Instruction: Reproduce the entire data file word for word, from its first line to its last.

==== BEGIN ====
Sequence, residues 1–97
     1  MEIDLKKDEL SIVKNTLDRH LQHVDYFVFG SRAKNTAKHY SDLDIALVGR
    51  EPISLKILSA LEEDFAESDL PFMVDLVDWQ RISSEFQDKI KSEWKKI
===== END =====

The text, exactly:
Sequence, residues 1–97
     1  MEIDLKKDEL SIVKNTLDRH LQHVDYFVFG SRAKNTAKHY SDLDIALVGR
    51  EPISLKILSA LEEDFAESDL PFMVDLVDWQ RISSEFQDKI KSEWKKI